The Conservative-appointed head of the Canadian Human Rights Tribunal is under fire for allegedly harassing her own staff.
Prime Minister Stephen Harper named Alberta lawyer Shirish Chotalia, chairwoman of the tribunal in November 2009. The tribunal hears complaints referred to it by the Canadian Human Rights Commission.
Now the Ottawa Citizen’s Chris Cobb reports an independent labour investigator has upheld harassment complaints against Chotalia from two staff members.
Lawyer Philip Chodos concluded she engaged in “baffling, if not bizarre” behaviour. Chotalia faces two more harassment complaints. Her employees last year accused her of creating a toxic atmosphere in the workplace.
More than half the tribunal’s 25-member staff left via sick leave or retirement in her first year on the job, the Citizen reported.
Chodos was appointed to investigate under an agreement with Chotalia and unions representing her staff.
The process is considered unusual since harassment complaints normally are handled by the heads of the affected government department or agency.
“The Conservative government and Privy Council Office have a real dilemma on their hands and it will be interesting to see what spin is put on this matter,” Robin Kers, labour relations officer with the Union of Solicitor General Employees, told the Citizen.
One of the complaints Chodos investigated involved probationary clerical worker David Pembroke, who said Chotalia began harassing him after he turned down her request to work as her executive assistant to replace one who had left on stress leave.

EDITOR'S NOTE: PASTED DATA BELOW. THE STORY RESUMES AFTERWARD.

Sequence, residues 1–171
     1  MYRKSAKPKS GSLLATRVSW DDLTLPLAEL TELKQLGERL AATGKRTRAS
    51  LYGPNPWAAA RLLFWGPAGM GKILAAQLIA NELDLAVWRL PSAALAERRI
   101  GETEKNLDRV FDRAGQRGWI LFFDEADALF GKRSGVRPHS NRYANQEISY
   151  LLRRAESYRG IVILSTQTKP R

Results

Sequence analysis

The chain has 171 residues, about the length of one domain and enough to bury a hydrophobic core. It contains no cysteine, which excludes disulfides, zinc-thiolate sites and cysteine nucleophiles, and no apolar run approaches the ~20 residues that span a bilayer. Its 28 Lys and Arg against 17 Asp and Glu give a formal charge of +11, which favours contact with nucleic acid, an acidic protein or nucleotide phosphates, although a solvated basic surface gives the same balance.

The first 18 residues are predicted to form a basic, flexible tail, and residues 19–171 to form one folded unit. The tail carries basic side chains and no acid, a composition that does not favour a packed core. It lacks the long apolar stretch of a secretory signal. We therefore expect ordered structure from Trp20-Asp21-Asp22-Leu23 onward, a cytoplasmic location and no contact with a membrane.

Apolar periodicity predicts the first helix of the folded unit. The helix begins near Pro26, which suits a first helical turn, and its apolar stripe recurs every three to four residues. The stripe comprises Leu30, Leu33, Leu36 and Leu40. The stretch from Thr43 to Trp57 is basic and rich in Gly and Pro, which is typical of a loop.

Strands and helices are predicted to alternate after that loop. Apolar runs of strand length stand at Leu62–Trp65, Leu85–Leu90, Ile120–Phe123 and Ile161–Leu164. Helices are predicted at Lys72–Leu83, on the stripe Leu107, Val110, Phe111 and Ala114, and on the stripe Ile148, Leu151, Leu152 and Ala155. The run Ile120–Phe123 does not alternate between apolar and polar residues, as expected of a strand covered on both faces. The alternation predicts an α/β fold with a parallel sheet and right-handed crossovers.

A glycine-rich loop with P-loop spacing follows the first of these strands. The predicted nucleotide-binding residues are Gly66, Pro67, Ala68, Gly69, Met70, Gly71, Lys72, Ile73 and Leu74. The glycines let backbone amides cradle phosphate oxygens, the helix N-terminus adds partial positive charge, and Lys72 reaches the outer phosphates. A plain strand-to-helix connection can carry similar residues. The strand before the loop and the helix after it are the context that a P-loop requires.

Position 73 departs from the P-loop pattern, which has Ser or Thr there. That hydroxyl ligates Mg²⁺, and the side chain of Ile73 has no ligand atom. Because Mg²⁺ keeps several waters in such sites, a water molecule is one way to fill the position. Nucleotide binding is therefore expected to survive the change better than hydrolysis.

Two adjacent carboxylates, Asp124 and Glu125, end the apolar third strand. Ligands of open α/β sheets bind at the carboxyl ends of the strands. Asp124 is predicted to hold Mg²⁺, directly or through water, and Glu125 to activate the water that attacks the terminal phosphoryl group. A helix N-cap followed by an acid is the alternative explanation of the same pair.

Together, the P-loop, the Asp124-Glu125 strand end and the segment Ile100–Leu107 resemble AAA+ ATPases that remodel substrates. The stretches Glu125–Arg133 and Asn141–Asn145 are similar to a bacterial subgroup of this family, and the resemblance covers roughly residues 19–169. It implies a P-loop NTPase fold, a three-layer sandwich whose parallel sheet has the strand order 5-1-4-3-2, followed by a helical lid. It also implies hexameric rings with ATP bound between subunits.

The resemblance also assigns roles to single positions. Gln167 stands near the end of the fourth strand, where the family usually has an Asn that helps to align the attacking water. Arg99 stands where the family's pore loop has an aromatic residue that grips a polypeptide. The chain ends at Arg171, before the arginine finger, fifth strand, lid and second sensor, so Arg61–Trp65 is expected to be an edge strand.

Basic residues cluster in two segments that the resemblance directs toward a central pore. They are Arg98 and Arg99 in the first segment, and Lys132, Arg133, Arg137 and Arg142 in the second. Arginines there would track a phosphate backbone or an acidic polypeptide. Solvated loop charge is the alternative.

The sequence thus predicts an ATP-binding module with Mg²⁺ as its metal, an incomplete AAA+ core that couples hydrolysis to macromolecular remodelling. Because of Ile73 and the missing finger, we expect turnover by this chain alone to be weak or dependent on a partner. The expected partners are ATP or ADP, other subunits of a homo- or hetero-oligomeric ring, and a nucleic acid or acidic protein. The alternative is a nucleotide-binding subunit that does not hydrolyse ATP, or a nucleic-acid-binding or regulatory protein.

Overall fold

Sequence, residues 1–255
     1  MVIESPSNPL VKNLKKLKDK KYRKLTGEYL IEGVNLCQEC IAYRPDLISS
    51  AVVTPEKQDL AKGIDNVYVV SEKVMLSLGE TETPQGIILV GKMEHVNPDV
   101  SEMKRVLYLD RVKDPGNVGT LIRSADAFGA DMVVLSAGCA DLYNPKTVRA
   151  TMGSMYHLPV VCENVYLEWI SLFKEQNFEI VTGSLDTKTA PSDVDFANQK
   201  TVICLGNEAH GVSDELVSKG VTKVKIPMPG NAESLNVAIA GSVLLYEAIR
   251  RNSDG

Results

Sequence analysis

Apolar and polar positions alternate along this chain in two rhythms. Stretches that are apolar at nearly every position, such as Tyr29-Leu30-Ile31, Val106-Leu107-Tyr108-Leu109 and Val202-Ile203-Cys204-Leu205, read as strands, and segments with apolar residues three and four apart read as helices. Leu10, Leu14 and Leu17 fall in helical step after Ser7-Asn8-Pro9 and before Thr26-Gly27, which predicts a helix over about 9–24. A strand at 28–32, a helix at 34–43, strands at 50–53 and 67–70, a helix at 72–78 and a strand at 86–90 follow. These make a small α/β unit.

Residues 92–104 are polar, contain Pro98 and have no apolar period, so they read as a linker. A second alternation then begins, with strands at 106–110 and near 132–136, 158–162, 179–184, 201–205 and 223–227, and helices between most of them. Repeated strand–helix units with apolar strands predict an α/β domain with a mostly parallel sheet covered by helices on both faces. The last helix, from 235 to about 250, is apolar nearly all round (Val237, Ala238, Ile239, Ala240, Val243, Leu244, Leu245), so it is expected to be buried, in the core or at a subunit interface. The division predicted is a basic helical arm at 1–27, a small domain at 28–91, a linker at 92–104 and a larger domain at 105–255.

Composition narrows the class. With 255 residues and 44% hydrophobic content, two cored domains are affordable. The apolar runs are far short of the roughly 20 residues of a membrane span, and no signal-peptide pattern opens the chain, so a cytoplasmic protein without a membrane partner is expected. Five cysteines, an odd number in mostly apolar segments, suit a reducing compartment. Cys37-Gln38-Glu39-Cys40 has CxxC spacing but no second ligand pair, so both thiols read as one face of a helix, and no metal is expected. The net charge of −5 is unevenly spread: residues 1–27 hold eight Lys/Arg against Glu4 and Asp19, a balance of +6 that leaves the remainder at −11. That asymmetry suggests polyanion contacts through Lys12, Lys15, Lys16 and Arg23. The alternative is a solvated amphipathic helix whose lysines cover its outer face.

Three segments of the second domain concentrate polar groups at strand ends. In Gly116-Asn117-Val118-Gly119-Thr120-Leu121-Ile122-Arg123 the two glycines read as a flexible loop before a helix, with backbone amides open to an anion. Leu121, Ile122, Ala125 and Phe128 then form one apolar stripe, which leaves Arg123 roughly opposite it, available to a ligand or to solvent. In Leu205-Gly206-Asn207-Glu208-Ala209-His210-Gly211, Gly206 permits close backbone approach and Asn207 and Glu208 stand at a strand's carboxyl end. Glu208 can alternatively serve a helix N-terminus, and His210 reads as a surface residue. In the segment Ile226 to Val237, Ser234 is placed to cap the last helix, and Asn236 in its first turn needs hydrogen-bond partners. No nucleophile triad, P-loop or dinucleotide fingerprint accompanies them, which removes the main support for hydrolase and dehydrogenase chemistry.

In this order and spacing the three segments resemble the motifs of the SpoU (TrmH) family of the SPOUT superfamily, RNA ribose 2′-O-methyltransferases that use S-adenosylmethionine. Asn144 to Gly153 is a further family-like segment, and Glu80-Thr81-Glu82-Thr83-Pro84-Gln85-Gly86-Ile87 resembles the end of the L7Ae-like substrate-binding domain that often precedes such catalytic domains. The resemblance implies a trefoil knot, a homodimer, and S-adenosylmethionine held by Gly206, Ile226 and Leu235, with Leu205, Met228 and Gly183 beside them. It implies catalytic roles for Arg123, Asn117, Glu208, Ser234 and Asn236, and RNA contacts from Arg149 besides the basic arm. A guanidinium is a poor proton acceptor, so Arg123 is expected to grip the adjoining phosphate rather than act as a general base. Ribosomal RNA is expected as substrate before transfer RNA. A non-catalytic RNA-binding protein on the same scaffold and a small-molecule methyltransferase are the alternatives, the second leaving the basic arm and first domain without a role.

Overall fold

Pembroke said he didn’t feel qualified but Chodos reported his boss then accused him of being incompetent, questioned his work ethic and tried to have him fired. He left before his probationary period ended and now works for another government department.
Chodos said in his report that prior to her appointment, Chotalia had “little, if any” public sector management experience, was on a “steep learning curve” and facing “onerous” responsibility.
Chotalia has written letters of apology to Pembroke and the other employee whose harassment complaint was upheld.
Tribunal executive director Rachel Boyer told the Citizen the report’s findings “were not all negative.”
“… The chair took her responsibility very seriously as CEO and as soon as she saw the findings she immediately issued an apology to both complainants,” said Boyer. “It isn’t her intention to cause discomfort.”
But Kers dismissed the reaction. The Privy Council Office, which administers order-in-council appointments, has delayed efforts by employes to address “abuse of authority and its effect on the employees and their workplace, Kers said.
“The tribunal has tried the tactic of issuing an apology hoping it resolves the matter, but it doesn’t,” he said.
A lower-level manager in a government department would have been disciplined by the head of the institution, said Kers.
“That person could be sent for sensitivity training or moved to a different position or fired. But how do you appropriately deal with harassment charges against heads of institutions?”